I’ve tried to live up to that. My biggest challenge, as always, has been how to overcome procrastination. As I wrote about this in a post last year, “If this was an actual job where I had to turn in something every Friday, for example, I’d be able to do it. Might not start until Thursday night, but I’d get it done. I’m the world’s worse boss to myself. It’s too easy to go to another movie, which is ironic, since this blog is ostensibly about movies. Seeing all these movies gets in the way of writing about them.”

Even though it can be a struggle, this is the most sustained writing about film that I’ve done over the years. Early on I knew that if I wasn’t going to be making films, I wanted to write about them. When I returned to the University of Iowa after four years in the Air Force, I wrote reviews for the campus paper, The Daily Iowan. After that, in Minneapolis, I wrote film reviews for a monthly, The Minneapolis Review of the Arts, and a weekly, The Twin Cities Reader. In 1975 I wrote a short piece for a New York magazine, Filmmakers Newsletter, about an annual film festival at the University of Iowa called “Refocus.” I was excited to see myself in print in a national magazine, and planned to continue this when I moved to New York City in 1977. But I didn’t make that happen until now, though I did manage to see thousands of movies in the meantime.

Some of the posts I’ve enjoyed writing the most, and that I think tend to hold up pretty well, include the following:

Famous Monsters and Me (May 17, 2012)

Seeing Movies with an Audience (November 17, 2012)

Kubrick and “The Killing” (April 2, 2013)

Burt Lancaster – “If it’s killing you want…” (May 23, 2013)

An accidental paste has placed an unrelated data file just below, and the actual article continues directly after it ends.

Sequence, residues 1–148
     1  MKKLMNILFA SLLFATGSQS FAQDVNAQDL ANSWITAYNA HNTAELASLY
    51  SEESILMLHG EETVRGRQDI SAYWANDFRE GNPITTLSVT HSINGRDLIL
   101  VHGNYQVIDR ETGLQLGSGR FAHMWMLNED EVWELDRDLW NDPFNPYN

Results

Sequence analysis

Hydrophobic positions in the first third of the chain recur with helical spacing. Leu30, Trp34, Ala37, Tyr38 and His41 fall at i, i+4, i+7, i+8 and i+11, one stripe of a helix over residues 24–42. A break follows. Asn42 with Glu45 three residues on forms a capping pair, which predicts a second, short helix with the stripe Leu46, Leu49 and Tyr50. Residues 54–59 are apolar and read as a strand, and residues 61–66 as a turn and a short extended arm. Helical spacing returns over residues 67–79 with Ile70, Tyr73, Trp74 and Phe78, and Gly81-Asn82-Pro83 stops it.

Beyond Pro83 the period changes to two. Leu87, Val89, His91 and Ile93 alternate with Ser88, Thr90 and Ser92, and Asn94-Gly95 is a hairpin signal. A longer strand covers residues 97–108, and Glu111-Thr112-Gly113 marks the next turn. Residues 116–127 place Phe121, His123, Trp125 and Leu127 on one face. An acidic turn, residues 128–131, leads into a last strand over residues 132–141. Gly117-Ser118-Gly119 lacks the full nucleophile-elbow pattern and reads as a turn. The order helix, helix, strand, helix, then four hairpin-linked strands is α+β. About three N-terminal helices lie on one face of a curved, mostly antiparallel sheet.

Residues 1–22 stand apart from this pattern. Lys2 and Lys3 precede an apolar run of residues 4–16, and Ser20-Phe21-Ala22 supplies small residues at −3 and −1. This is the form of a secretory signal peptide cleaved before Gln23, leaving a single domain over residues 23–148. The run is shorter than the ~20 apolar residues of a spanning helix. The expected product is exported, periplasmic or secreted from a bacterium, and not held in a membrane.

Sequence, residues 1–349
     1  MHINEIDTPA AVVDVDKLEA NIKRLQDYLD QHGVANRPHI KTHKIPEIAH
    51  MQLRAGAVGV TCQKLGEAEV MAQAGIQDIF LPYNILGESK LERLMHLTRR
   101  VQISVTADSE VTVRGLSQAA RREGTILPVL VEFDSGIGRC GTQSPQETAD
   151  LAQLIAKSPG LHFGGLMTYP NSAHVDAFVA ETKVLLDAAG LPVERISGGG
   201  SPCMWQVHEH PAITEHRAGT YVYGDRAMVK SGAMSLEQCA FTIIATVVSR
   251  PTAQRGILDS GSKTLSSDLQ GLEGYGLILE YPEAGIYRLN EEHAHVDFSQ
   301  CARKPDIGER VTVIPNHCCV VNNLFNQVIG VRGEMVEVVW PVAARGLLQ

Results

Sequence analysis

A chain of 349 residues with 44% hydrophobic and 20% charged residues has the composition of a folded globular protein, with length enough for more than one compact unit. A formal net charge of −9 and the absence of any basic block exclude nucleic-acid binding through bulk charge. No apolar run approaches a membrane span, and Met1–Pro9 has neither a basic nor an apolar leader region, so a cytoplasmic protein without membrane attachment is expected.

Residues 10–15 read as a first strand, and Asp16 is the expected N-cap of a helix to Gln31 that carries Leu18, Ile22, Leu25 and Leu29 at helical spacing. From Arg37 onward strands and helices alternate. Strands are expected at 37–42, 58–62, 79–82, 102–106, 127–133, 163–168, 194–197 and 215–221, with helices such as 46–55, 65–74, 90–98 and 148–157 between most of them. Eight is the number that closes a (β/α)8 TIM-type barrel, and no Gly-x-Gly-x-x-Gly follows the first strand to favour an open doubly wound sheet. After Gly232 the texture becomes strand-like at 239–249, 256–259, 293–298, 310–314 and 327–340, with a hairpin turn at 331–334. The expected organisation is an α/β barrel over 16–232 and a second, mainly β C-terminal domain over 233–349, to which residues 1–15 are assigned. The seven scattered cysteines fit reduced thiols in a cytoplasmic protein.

James Gandolfini and Richard Matheson – Jersey Boys (June 27, 2013)

“Born in Chicago” – Black & White Blues (August 9, 2013)

Gunfights at the OK Corral (January 31, 2014)

Christopher Walken & Talkin’ (& Dancin’) (May 25, 2014)

“Coherence” – No Exit  (June 18, 2014)

“Rosebud was his sled!” – Random Notes on Orson Welles (November 11, 20114

John Huston – The Stuff That Dreams are Made Of” (December 31, 2014)

Looking ahead, there are a lot of films and filmmakers I plan to write about, including the following:

— The profoundly disturbing horror film Island of Lost Souls (1932), based on H.G. Wells’ The Island of Dr. Moreau, with Charles Laughton in an over-the-top performance that’s perfect for this film’s nightmare world.

— Robert Aldrich’s corrosive World War II drama, Attack (1956), and his brutal Western, Ulzana’s Raid (1972), with Burt Lancaster.

— The amazing series of strange and unusual films produced by Val Lewton for RKO from 1942 to 1946, especially I Walked with a Zombie and The Seventh Victim (both 1943).

— Edgar G. Ulmer’s unhinged The Black Cat (1934), with Boris Karloff as a necrophilic devil worshipper and Bela Lugosi as a good guy for once (albeit more than a little nuts).

— John Frankenheimer’s deeply paranoid Seconds (1966), with John Randolph as an unhappy man surgically reborn as Rock Hudson reaching for a second chance.

— Sam Peckinpah’s Ride the High Country (1962), with two of my favorites, Joel McCrea and Randolph Scott.

— The silent films of the impossibly great Buster Keaton.

— Ed Wood’s totally inept yet always entertaining films, especially the strangely brave and wonderful Glen or Glenda (1953) and Plan 9 from Outer Space (1959).

— The great series of Westerns Budd Boetticher made with Randolph Scott and Anthony Mann made with James Stewart (as well as Mann’s terrific film noirs from the late ’40s).

Robert Wise, Robert Siodmak, Don Siegel, Jacques Tourneur, Jules Dassin, Akira Kurosawa, Yasujiro Ozu, Jean Renoir, and many many others, plus drive-in movie theaters, and film noir, always noir.

Plus I’ll be writing about new films that get my attention as they come along, as well as some of the great stuff on television these days, such as Daredevil, the Neflix series based on the Marvel Comics character that began streaming last month, which I liked a lot.

One of my goals is to pick up the pace and follow through. Hopefully, saying this in print will motivate me to do that. — Ted Hicks

Richard Widmark as Tommy Udo, "Kiss of Death" (1947)

Richard Widmark as Tommy Udo, “Kiss of Death” (1947)